75 hour co-op program allows students to gain on-the-job experience with Indiana’s top companies
INDIANAPOLIS – Ivy Tech Community College will launch a unique academic, industry-blended 75 hour co-op Advanced Manufacturing degree program in January. Students will learn critical industrial automation/robotics maintenance skills and gain on-the-job experience with some of Indiana’s top manufacturing and logistics companies. It is scheduled to launch after the new year in Columbus, Kokomo, Lafayette, Fort Wayne and Evansville and in additional cities throughout the state in the Fall.
Ivy Tech has been working with manufacturing companies across the state to increase the efficiency and effectiveness of training and education. The Community College currently enrolls over 2,200 students in advanced manufacturing and industrial technology programs throughout the state. Beginning with a key position in manufacturing maintenance, Ivy Tech has expanded traditional maintenance training to include automation and robotics. This mechatronics approach includes an internship or co-op model that best prepares current and potential employees for advanced manufacturing maintenance careers.
“This type of on-the-job training is invaluable to both the student and the employer,” said Thomas J. Snyder, President of Ivy Tech Community College. “In many cases, these students will have the opportunity to gain employment after graduation within the company for which they have interned. In addition, employers gain employees that are specifically trained for careers that are very much in-demand for industry.”
As part of the program students will work as interns in a company for two days while pursuing their degree in one of the college’s manufacturing centers of excellence labs three days per week. An average of 10 companies per cohort provides intern or co-op opportunities. Students are either full time employees of the company who need a skills upgrade or interns at the company who may or may not be hired upon graduation. Companies host more interns than they want to hire to create a pool of skilled employees to support their supply chains.
This partnership is another example of the community college’s efforts supporting Governor Pence’s focus on improving education and workforce development through the Regional Works Councils and Center for Education and Career Innovation. All of these efforts ensure Indiana will be a national leader in career and technical education workforce readiness.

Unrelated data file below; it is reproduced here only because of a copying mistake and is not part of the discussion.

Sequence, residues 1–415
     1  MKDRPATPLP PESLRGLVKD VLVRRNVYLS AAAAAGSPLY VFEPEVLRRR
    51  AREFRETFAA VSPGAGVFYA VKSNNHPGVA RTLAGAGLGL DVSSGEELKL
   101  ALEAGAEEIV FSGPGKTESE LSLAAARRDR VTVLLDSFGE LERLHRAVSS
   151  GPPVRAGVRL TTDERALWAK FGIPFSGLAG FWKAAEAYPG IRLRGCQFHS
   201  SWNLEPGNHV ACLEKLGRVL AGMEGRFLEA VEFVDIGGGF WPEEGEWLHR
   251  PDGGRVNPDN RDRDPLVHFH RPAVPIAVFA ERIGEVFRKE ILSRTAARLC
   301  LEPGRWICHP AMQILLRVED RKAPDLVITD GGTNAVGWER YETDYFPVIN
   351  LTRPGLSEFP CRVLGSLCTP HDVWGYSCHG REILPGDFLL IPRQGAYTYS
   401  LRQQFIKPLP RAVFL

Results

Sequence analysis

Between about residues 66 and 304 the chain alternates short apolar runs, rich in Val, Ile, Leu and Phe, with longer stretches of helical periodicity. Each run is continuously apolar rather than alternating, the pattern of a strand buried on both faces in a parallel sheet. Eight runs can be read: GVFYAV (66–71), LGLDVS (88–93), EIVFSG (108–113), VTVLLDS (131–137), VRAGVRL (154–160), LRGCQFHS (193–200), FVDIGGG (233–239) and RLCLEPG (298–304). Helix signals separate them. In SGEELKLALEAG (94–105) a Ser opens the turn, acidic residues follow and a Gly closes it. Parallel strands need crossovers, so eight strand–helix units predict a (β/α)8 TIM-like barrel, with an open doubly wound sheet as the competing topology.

Students who complete the program are trained in the most current and relevant technologies, and have valuable real world maintenance experience. In anticipation of the level of success of this new training methodology, companies have requested a tool and die program, delivered in the same fashion. This new approach to technical training is similar to the German technical education model, engaging employers in student recruitment, curriculum development, review, and delivery.
Ivy Tech has already begun partnerships with Aisin, Caltherm and Ryobi in Columbus. The college is also working with several other employers to create partnerships for the 75-hour co-op program. Companies who are interested in learning more about how they can partner with Ivy Tech on the 75-hour co-op program should contact Sue Smith, Vice President for the Technology & Applied Sciences Division and Corporate Executive for Advanced Manufacturing, at 812-374-5125.
Ivy Tech Community College is the state’s largest public postsecondary institution and the nation’s largest singly accredited statewide community college system serving nearly 200,000 students annually. Ivy Tech has campuses throughout Indiana. It serves as the state’s engine of workforce development, offering affordable degree programs and training that are aligned with the needs of its community along with courses and programs that transfer to other colleges and universities in Indiana. It is accredited by the Higher Learning Commission and a member of the North Central Association.